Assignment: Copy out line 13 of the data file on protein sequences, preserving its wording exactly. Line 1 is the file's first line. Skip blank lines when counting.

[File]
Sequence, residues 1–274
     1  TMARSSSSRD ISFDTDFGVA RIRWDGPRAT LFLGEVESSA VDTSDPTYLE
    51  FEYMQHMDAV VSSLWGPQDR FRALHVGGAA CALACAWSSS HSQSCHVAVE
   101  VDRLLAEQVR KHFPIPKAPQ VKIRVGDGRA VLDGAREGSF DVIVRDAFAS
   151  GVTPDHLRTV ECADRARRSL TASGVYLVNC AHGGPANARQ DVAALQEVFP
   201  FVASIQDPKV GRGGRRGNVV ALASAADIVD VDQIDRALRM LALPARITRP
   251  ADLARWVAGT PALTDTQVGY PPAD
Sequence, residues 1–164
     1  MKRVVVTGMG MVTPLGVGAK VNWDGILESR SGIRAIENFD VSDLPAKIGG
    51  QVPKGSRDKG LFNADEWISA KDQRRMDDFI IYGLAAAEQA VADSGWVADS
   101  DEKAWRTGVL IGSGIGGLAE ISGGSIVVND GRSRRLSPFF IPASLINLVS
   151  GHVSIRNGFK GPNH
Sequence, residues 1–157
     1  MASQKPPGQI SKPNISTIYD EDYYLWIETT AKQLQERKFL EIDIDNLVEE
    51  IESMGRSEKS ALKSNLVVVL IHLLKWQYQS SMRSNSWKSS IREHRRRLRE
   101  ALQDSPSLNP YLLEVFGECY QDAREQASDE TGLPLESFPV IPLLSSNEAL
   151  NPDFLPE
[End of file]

Sequence, residues 1–157